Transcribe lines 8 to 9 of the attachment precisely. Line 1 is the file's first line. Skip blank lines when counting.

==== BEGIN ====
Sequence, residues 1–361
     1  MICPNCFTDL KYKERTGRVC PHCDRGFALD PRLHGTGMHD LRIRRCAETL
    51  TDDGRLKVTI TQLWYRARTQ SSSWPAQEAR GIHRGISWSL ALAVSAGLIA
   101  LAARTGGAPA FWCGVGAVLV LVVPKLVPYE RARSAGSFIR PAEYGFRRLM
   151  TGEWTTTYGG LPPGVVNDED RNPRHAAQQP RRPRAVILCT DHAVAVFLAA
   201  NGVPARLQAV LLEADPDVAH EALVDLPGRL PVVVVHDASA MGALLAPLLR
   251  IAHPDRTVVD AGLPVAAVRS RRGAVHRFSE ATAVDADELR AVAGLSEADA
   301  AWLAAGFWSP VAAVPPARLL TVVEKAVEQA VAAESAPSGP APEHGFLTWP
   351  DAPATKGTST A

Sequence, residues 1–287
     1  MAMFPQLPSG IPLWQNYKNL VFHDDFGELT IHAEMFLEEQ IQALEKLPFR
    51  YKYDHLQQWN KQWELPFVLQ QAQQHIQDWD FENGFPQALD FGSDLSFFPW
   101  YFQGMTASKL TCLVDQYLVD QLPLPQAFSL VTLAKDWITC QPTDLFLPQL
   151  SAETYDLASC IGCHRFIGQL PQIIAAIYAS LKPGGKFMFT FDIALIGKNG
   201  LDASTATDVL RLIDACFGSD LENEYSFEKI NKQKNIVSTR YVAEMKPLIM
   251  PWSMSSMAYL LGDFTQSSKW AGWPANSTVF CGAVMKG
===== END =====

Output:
   301  AWLAAGFWSP VAAVPPARLL TVVEKAVEQA VAAESAPSGP APEHGFLTWP
   351  DAPATKGTST A